The meanings of offerings to the Buddha

By Essence of Buddhism | September 28, 2013

Here, we are offering the best of ourselves to something higher than us – so that we can one day, aspire to become like that too!

The act of offering is an act of dana – an act of generosity.  So it’s an emotional and physical expression of our reverence:

  • To the Buddha himself – the Perfectly Enlightened One
  • To the Dharma – the Truth – sometimes we place holy Sutras and Mantras on altars to pay our respects to the wisdom elucidated within those sacred teachings.
  • [To the Buddhist monks], To the Noble Enlightened Ones like the Bodhisattvas – like Gwan Yin Bodhisattva who is a symbol of Great Compassion

What sorts of things do we usually offer?


Flowers are the most beautiful things in the world, so here, we are offering the most beautiful things in the world to the Buddha.  And when they fade, it is also a reminder that things of the world also fade – so it’s reminds us of the teaching that “Whatever is of the nature to arise is also of the nature to cease”.  But in general, we want to offer the most beautiful things in the world to the Buddhas and Bodhisattvas anyway!Candles

Here, we are offering the radiance of our own hearts and minds to the Buddhas and Bodhisattvas.  Remember, Buddhism is the path of wisdom.  So we don’t want to offer dull, murky minds clouded over with all our problems and vices – we want to offer the brightness and wisdom of our own minds over to the Buddha!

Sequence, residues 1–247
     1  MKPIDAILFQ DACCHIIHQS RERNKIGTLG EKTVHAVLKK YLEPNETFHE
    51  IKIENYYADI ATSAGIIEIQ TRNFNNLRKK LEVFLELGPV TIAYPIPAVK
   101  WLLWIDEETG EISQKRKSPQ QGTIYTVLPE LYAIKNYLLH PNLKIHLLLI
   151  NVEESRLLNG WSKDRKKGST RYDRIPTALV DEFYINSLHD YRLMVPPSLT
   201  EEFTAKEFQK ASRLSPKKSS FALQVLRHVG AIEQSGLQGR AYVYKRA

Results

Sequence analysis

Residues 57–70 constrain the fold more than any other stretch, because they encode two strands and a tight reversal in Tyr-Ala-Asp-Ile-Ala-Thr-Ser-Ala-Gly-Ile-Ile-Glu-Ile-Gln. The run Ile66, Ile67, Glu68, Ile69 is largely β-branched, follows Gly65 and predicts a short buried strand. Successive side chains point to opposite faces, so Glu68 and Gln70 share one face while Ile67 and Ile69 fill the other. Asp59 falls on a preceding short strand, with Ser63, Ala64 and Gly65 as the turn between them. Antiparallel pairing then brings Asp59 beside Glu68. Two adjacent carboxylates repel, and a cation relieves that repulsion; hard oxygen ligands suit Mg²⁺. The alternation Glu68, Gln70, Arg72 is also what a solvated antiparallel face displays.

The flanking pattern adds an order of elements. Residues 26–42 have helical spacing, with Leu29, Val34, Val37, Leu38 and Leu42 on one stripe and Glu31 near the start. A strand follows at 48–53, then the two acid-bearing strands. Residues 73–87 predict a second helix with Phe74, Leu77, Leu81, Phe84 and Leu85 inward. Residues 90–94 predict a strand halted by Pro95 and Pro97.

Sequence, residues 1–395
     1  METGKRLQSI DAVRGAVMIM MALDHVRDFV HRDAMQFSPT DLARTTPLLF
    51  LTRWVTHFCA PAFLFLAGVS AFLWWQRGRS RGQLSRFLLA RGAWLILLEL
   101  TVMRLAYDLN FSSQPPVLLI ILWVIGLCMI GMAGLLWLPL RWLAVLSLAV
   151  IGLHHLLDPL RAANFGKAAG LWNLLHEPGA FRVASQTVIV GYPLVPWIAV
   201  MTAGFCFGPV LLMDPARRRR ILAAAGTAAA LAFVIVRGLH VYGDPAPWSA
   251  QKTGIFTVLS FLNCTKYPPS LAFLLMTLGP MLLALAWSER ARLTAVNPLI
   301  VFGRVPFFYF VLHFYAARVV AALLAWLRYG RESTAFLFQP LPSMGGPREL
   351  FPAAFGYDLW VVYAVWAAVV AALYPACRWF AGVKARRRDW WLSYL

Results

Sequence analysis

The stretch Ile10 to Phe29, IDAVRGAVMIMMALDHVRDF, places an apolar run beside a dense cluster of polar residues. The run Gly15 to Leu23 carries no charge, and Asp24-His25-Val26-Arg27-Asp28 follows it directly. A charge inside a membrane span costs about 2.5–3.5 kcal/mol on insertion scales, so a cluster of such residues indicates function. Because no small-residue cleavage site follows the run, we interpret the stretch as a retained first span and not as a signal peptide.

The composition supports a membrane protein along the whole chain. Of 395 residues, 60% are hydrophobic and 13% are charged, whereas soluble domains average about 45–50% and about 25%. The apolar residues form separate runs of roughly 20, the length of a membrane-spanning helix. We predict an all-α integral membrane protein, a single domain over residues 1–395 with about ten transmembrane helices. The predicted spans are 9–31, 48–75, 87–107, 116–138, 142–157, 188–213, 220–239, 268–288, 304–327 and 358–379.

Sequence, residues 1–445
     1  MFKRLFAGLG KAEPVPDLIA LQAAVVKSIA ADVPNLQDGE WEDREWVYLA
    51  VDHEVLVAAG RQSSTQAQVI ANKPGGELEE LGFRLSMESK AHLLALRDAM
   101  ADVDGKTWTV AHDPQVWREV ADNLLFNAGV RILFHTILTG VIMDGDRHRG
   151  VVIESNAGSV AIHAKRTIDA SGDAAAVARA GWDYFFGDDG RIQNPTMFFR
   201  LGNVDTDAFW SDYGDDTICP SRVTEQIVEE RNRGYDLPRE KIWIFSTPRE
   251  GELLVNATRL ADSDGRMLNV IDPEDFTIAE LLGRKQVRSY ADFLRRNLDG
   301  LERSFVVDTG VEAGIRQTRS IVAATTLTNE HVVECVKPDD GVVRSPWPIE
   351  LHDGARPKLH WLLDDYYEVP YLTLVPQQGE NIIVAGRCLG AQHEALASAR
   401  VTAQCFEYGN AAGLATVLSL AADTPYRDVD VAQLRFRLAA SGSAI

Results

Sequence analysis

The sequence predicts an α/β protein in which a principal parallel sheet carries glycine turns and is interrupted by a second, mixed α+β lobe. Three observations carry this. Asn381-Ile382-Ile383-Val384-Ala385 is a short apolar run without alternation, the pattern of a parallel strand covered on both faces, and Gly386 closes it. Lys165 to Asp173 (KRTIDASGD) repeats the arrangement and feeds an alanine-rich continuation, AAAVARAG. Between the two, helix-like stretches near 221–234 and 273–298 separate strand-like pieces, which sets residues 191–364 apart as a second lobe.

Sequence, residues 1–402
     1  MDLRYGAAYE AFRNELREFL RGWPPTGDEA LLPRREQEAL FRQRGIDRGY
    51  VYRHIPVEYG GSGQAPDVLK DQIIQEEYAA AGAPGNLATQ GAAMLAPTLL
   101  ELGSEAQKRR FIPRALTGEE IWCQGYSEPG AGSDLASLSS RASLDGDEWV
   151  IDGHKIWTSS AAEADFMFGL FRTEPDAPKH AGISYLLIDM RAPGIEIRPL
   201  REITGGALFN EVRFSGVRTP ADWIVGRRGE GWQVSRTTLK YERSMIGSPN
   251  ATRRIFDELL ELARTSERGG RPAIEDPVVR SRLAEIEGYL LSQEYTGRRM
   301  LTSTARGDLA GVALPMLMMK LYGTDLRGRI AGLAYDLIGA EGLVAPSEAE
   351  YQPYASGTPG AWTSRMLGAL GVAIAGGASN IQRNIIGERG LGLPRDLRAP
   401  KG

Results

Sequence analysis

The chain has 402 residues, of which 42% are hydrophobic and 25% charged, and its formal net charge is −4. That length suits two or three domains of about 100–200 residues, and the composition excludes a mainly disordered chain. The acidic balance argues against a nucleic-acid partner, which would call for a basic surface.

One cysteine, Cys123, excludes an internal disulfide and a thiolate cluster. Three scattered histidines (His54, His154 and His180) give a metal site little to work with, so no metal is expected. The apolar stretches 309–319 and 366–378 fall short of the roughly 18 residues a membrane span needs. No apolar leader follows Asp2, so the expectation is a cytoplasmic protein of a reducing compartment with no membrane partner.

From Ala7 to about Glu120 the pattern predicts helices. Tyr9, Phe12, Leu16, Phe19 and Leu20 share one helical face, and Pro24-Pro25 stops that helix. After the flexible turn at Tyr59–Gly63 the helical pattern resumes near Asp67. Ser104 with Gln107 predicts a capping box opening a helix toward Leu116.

Beautiful fruits can be offered to the Buddha too.  When offering fruits, we want to offer the fruition of our Buddhist practices to the Buddha. This means that we practice – we walk the Buddhist path until we get some real skill in those practices that we undertake – in this way, those practices were not all in vain but will have borne fruit.


Incense can have a calming effect on the mind.  So when we offer incense we want to offer our own peace of mind to the Buddha.  We want to offer the Buddha a little bit more of the patience that we have shown in our daily lives to the Buddha, a little bit more calmness, a little bit more peace of mind.


Water symbobilizes purity and clarity of mind.  So with pure water, we want to offer our goodness, we want to offer our virtue to the Buddha.  We don’t want the water of our own minds to be dirtied by the deeds that we have done, the thoughts that we have thought and the unwholesome words that we have spoken – so we try to refrain from burdening our hearts with unwholesome actions of the body, mouth and mind.  We want to offer a pure heart to the Buddha (or at least as pure as we can get it!).

Water also symbolizes clarity of mind – we want to offer a clear, bright mind to the Buddha.  We don’t want our minds to be like seething with anger (boiling water), we don’t want our minds to be infatuated by the desires of the world (water with beautiful dye in it but is not clear).  We don’t want our minds to be like cloudy or murky water or water that’s stagnant that harbours no life.  We want to offer clear, bright, pure, clean water that’s place in a bright place – so that the purity of the water can be seen right through it.  That’s the sort of heart and mind that we want to be offering the Buddha.